How to Fix Review Schema Markup After Google’s Recent Changes

A few days ago, Google announced that they are changing the way how they interpret Review Schema and display rich results. If you’re unfamiliar with the concept, then Schema affects star ratings in Google, amongst other things under the hood. If you’ve searched for a recipe, a restaurant, or a local business, then you’re probably familiar with how it looks. Here is an example image for a reminder.

Google Review Rich Snipept

The schema was introduced to help people make better decisions regarding what results to click, and also help search engines understand the context of a website. Well, in its latest update, Google is saying that some types of Schema do not help the user as intended. Specifically, Google is pointing towards the reviews.

The review Schema isn’t standalone; you have to have a review of something. Before this change was implemented, a review attached to any type of Schema was used to trigger rich results. After this change, only a few schema-type reviews will be able to trigger reviews. Here is the list, directly from Google’s blog post explaining the change.

Apart from that, Google also stated that it would stop showing rich results for self-serving reviews. Self-serving reviews simply cover any reviews that you create yourself or act in a way to create. This will affect mostly local business websites and websites of organizations. Let us explain this in detail.

Suppose that you are a local business that provides some services. On your website, you have pages for each of those services, and you use the review snippet to get rich results for your pages.

According to Google, since you are the one who created the review, it falls under self-serving reviews, and after the update, it will stop appearing as a rich result. The same things apply to websites that use the organization snippet type and add review snippets to their pages.

On top of that, if you use a 3rd party widget on your website (Yelp, Facebook, etc.) that adds the review snippet to your pages, it still falls under self-serve and will not trigger rich results from now on.

1 Why is this change being introduced?

Google aims to present the most helpful results to its users, and if at any time, Google feels that some results aren’t delivering on that promise, then changes are made. This change is no different.

Reviews are supposed to help people make better decisions. But, if the reviews themselves can’t be trusted, the entire process breaks down. That is why this change is being introduced. Also, schema manipulation had also become common over the past few years. Since all it took for rich results to appear was a few lines of code, websites tried to get rewarded with more rich results—even if they didn’t deserve it. After all, if you can review yourself and give yourself 5 stars, it isn’t very useful, right?

To combat this problem and improve the quality of the search results, Google decided to introduce these changes.

2 Will I be affected?

If you are using the old Review Schema type then you will be affected.

By affected, we do not mean that your rankings will disappear overnight. Instead, only the affected pages will lose their star ratings in the search results; the rankings will essentially remain the same. It might affect your search traffic somewhat, but if all your competitors had similar pages with similar Schema, they all would be affected too. However, if you have been trying to manipulate Schema, then it is a different story.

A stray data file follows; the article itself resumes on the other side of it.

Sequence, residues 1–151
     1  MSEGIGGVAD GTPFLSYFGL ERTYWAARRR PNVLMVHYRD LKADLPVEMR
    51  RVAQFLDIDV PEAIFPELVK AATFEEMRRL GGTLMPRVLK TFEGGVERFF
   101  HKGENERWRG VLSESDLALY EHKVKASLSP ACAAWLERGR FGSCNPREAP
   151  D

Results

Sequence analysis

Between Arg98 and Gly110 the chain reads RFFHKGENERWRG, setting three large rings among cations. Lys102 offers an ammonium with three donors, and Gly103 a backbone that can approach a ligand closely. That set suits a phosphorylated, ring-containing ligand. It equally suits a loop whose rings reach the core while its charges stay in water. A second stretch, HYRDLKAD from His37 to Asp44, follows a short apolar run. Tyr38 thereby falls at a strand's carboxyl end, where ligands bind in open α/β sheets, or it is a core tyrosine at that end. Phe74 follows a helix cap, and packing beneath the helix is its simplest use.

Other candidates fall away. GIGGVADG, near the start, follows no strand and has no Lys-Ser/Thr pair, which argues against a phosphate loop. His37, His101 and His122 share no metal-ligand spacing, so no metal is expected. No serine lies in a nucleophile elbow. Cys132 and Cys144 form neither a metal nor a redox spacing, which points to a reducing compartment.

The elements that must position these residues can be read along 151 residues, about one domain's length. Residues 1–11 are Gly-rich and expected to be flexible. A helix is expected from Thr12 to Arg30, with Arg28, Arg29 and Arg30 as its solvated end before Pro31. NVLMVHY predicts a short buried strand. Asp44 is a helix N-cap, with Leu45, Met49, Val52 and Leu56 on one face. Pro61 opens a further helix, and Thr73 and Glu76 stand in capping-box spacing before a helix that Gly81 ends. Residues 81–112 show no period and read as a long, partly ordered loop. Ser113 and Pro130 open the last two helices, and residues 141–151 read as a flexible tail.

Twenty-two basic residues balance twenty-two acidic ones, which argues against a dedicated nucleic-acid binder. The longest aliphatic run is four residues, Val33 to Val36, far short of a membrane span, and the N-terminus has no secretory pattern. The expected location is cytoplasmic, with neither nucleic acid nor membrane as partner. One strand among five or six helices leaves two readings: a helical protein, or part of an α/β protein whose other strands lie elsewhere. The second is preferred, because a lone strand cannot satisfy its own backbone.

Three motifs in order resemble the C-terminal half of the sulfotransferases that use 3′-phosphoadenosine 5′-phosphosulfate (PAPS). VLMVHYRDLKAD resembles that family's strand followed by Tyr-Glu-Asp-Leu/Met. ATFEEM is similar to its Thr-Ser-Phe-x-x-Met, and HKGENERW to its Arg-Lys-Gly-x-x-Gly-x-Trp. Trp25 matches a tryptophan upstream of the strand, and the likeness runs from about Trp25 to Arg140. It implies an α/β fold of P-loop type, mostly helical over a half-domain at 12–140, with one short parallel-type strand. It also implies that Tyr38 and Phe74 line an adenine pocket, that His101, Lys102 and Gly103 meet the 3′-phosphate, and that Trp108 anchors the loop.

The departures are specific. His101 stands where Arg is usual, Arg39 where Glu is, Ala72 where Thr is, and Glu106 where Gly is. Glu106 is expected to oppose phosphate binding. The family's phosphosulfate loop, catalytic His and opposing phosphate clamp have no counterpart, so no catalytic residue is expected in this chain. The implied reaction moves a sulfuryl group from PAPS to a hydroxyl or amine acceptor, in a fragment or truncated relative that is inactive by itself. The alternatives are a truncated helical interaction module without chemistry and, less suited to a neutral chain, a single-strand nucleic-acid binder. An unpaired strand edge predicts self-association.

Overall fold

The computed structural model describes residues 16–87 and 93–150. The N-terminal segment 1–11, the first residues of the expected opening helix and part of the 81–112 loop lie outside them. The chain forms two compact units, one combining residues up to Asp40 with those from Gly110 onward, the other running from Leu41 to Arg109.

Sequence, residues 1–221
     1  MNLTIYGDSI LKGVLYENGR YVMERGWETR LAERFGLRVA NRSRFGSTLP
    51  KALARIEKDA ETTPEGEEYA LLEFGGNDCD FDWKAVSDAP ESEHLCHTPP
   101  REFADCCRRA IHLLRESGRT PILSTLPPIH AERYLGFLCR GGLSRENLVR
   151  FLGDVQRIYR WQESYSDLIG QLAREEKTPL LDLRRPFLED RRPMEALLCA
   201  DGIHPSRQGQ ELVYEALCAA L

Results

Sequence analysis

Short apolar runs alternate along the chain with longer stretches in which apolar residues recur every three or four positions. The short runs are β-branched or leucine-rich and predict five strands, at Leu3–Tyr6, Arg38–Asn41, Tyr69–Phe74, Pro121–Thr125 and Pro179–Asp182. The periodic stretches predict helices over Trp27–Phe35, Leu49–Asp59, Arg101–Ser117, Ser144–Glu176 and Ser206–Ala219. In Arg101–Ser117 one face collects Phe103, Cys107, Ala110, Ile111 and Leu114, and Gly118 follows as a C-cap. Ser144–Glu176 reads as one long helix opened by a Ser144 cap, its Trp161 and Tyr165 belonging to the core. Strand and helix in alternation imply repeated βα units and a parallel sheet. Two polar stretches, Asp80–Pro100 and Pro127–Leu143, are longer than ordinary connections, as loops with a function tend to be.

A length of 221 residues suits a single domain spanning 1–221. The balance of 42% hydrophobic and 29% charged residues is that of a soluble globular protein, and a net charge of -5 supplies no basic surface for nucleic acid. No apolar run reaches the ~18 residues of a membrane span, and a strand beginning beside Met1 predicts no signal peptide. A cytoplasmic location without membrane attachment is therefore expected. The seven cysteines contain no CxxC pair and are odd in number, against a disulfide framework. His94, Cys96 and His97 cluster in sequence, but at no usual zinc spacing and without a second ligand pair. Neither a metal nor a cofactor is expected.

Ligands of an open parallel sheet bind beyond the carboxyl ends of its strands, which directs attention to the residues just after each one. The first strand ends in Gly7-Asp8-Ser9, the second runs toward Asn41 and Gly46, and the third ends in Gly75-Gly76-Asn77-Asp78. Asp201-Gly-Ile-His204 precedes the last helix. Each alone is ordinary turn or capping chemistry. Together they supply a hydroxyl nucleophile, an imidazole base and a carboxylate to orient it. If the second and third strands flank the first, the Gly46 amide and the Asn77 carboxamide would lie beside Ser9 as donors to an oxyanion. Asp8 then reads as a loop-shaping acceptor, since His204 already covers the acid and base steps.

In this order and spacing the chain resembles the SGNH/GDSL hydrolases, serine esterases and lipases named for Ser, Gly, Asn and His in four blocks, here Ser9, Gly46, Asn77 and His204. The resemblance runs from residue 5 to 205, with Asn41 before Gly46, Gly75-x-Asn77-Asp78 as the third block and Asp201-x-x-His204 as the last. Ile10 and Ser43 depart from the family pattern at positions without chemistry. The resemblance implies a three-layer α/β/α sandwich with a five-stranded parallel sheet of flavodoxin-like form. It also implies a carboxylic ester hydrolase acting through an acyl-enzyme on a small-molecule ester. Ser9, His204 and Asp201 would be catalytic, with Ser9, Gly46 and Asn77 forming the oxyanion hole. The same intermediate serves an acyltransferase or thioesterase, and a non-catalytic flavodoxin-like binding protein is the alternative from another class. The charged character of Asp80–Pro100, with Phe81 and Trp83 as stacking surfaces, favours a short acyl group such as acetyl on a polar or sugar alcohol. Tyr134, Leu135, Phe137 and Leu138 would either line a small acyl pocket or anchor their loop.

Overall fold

3 How to prepare for this change?

The first step is to identify if your website will be affected. Perform a content audit of your website and see if you are using the ‘Review’ schema or not.

Once you’ve determined what needs to change, there are a few ways in which Rank Math can help.

4 How Rank Math can Help?

If you’re using Rank Math, then you already know that you can easily go into your individual posts and change the Schema that you use.

Change Schema Type

But, if you have hundreds, and even thousands of posts, this might not be practical. But, before we get into the details of how to change the Schema type, we must clear a few things.

Some people might be tempted to simply change the schema of their existing articles to one of those that trigger rich results. We would strongly recommend against that practice, as abuse of schema can trigger an algorithmic or a manual penalty. You might be able to get away with it for some time, but it is not worth losing all your rankings and get into Google’s bad books.

So here is how Rank Math is prepared for this change.

We’ve just released a brand new update (Latest version is available on that introduces a couple of tools that can help you convert the Schema type of your articles. We would request you to update to the latest version if you’ve not already done so.

After this update, the Review Schema type Rich Snippet will no longer be available in the single post and pages.

Review Schema Type will be removed.

And, now all the other supported schema types will have dedicated rating options.

Here is the list of Rank Math’s Schema types which supports rating options:

– Book– Course– Event
– Product– Recipe– Software Application

These changes should help you in using the correct Schema type for your new posts.

For existing posts, we recommend that you convert posts with the Review Schema to the Article Schema Type, unless it fits in one of those categories, which will trigger rich results anyways.

5 How to Convert Old Review Posts?